On March 10, the Commodity Futures Trading Commission released an initial response to the order of the US District Court for the District of Columbia in SIFMA v. CFTC remanding eight swaps-related rulemakings to the CFTC. As reported in the Corporate and Financial Weekly Digest edition of September 16, 2014, various trade associations challenged the extraterritorial application of certain swaps-related rules promulgated under Title VII of the Dodd-Frank Wall Street Reform and Consumer Protection Act, as well as the CFTC’s Interpretative Guidance and Policy Statement Regarding Compliance with Certain Swap Regulations. The District Court dismissed the broad challenge to the CFTC’s cross-border guidance, but separately found that the CFTC failed to state whether the costs and benefits identified in the preambles to eight rulemakings applied to overseas swaps activities. The District Court remanded without vacating these rulemakings to the CFTC so that the CFTC could address certain inadequacies in its consideration of the costs and benefits of these rules on swaps activities outside the United States.
In its initial response to the District Court’s ruling, the CFTC stated that it considers the costs and benefits of the remanded rules based on its understanding that the swaps market functions internationally. Accordingly, the CFTC’s initial response supplemented the preambles to the eight remanded rules by clarifying that the costs and benefits identified in these rules apply both to domestic swaps activities and swaps activities outside the United States that are subject to the CFTC’s jurisdiction.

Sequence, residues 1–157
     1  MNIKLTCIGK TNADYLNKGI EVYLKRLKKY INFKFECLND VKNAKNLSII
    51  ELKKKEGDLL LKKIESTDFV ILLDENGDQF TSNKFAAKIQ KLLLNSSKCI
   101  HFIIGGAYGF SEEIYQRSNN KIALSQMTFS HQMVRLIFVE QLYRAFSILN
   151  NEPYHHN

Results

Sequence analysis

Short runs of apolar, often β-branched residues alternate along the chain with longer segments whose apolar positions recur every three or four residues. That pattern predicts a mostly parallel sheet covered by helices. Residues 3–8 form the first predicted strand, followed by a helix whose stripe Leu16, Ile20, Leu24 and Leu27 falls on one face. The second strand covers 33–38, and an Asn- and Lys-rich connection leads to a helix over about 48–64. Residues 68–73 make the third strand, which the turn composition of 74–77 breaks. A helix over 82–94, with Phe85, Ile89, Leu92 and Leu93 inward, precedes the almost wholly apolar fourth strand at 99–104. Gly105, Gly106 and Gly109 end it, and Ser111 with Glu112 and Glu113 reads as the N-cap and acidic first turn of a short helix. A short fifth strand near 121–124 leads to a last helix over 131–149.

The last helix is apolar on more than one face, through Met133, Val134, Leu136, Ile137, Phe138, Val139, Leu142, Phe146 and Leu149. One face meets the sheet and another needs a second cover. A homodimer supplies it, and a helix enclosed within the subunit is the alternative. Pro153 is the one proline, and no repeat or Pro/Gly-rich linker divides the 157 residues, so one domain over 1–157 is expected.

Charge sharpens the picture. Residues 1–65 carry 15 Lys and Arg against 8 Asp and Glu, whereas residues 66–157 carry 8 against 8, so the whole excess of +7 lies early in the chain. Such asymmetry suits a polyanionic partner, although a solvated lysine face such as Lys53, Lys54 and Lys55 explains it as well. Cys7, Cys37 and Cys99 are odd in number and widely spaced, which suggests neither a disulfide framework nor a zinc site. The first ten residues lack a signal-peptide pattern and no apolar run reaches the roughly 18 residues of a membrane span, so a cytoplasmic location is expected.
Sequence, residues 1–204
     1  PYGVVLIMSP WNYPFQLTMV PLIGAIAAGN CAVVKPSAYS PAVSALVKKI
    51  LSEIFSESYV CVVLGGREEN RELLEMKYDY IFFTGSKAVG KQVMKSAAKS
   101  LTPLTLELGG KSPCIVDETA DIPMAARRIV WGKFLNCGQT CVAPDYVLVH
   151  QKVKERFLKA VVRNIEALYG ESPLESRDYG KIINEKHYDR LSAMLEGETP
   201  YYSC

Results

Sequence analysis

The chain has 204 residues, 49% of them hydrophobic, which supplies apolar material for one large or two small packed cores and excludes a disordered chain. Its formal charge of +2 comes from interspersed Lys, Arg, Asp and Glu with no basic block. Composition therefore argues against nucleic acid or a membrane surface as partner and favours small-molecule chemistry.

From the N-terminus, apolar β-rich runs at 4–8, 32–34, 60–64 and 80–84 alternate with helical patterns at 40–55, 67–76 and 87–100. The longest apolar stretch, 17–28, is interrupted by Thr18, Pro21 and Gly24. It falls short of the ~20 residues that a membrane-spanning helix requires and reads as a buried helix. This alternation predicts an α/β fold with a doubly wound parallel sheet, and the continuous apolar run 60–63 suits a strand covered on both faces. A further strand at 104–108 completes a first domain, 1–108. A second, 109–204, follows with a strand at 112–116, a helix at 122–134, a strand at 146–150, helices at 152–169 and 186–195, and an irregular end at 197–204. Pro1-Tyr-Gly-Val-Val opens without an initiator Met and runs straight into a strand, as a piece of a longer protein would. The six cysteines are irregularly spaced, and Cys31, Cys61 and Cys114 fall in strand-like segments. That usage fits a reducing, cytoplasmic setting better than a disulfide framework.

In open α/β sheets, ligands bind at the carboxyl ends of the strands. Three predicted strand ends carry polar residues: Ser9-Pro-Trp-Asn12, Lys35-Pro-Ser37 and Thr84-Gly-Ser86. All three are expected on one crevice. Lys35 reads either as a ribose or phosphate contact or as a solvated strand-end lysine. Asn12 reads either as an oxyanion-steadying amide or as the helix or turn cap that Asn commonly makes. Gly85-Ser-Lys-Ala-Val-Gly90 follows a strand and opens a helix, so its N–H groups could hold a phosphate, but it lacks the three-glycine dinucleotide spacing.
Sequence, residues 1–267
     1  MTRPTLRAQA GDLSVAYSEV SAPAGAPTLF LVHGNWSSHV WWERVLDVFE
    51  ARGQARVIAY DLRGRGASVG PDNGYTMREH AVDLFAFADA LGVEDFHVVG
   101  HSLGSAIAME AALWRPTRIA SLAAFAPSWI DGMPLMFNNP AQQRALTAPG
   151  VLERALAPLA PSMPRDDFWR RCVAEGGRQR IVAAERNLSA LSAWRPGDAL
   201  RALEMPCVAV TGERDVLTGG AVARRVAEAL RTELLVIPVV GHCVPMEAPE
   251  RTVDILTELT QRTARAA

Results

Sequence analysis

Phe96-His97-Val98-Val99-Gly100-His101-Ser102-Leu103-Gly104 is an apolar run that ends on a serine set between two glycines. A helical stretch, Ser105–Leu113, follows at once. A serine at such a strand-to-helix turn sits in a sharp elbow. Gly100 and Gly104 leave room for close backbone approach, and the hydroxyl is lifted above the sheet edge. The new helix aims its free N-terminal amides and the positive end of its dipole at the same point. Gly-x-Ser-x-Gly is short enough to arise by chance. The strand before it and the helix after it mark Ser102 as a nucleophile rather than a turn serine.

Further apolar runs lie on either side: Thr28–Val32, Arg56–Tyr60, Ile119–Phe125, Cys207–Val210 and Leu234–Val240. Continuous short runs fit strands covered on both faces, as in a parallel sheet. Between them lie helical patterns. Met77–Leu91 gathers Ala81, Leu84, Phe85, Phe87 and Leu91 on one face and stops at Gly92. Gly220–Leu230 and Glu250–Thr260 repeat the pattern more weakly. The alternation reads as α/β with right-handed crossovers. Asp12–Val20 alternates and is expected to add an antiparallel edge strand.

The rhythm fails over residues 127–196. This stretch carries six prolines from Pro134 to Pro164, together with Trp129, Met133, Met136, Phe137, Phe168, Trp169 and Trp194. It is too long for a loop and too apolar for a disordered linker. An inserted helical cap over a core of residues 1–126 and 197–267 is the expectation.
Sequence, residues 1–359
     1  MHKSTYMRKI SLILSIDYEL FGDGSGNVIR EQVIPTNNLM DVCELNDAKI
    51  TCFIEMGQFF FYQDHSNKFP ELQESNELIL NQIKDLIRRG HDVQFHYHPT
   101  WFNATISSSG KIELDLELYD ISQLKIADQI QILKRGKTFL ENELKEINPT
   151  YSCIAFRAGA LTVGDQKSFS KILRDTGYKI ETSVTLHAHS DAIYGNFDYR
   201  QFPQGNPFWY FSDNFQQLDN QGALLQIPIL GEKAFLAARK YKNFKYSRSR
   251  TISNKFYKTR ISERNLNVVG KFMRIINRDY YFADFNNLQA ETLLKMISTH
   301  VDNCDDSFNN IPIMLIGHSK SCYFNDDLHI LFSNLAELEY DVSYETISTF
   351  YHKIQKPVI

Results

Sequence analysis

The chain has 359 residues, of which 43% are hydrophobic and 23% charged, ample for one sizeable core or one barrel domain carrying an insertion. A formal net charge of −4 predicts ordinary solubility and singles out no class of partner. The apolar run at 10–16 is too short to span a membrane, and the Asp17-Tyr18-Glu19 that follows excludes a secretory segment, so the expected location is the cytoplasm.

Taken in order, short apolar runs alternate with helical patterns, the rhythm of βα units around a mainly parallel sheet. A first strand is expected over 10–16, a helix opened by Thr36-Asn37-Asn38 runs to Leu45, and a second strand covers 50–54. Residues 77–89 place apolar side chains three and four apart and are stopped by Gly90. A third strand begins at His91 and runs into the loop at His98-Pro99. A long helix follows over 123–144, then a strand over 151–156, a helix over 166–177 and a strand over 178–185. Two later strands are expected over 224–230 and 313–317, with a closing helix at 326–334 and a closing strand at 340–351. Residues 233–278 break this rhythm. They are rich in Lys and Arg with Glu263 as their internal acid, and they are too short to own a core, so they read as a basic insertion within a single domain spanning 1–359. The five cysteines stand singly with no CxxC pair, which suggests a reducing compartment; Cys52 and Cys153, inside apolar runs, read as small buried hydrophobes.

Separately, the CFTC is requesting public comments on whether the costs and benefits arising from extraterritorial application of any of the remanded rules differ from those arising from application of the rules domestically. Following its review of the comments, the CFTC will supplement its initial response to the District Court’s ruling, as well as propose potential changes to the substantive requirements of the rules.